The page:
It’s cool to check out European cities, especially Berlin, which is huge.
You can spend months there and not see much of the city at all. It’s a
beautiful city. Parts of it are a wasteland and parts have amazing architecture. A
lot of it is quite modern. Berlin is constantly in decay and rebirth.

AL: The last Black Mountain record came out almost two years ago, and you
toured on that record until Spring 2009. When did you have time to do this
Lightning Dust record?

Joshua: We made the record last winter. It was in between Black Mountain
tours basically. You can’t really tour anywhere, unless you are in the
southern hemispheres. We started the record in November 2008, and finished it in
January 2009. The record came out in the summer, after we had finished all the
Black Mountain tours. We had to put together an actual band to tour as
Lightning Dust. The new stuff requires a full band. The first album was
different, and we played as a duo. We have done a few North American tours, and are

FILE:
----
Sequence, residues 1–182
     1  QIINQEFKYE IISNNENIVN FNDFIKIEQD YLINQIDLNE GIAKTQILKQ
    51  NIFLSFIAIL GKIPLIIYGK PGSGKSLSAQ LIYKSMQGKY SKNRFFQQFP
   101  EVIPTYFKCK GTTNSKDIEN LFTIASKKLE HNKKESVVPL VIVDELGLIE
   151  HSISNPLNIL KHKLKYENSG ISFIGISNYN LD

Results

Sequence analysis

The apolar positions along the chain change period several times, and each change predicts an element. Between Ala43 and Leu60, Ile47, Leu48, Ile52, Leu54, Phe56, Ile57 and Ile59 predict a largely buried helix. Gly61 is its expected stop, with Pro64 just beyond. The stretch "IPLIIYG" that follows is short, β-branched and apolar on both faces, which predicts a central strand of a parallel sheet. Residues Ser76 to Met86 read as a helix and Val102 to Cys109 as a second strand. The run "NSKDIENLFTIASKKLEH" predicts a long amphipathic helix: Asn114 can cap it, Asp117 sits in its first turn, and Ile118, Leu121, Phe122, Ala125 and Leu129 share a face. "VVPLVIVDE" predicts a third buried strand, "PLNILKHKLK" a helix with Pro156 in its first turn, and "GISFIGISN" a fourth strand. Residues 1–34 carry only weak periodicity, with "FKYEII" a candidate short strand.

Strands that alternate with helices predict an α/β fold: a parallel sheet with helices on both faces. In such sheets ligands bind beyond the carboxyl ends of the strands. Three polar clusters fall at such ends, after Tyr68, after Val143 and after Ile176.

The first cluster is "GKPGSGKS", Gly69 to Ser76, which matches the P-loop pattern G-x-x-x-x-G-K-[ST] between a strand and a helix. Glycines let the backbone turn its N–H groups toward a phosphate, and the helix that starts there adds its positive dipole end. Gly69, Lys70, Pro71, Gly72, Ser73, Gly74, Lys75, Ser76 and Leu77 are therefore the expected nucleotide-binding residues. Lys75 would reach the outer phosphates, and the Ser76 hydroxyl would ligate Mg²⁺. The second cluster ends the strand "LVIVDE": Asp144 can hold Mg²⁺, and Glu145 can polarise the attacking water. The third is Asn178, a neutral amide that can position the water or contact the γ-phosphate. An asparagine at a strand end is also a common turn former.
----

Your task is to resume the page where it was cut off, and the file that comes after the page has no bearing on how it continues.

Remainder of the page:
excited to go to Europe.

AL: You never thought about coming out with a laptop computer?

Joshua: We have never done that. Our first album is really sparse. It is
actually only piano and guitar. And vocals. We did one tour as a duo and a
bunch of local shows and one off shows. We couldn’t do that with the new
record. When we record, especially with this band, we never think of what it’s
going to be like when we play live. It is a studio group. This album is way
more orchestrated. We had to put together a band to tour.

AL: How was it playing shows with The Cave Singers and Bonnie Prince Billy?

Joshua: The Cave Singers are old friends of ours. We feel comfortable
playing shows with them. That is a familiar arrangement. That was an extensive
five-week tour of North America. It was great to play small clubs to a few
people. It’s great when both bands get noticed by people who listen to music.

AL: Since you know Cave Singers so well, do you collaborate or play with
each other?

Joshua: Yeah. Both Amber and I have played with those guys. Amber has done
some singing on both of their records. I played some drums on their first
records. On this tour I played some keyboards. It’s pretty fun that way.

AL: And Bonnie Prince Billy?

Joshua: It was really different. It was frightening too because it was our
first tour with this band, with the extra members. We had to rise to the
challenge of playing really nice theaters every night in front of sit down
crowds. It was really cool. We had really attentive audiences.

AL: Some bands that are a little more quiet and subtle, and have silence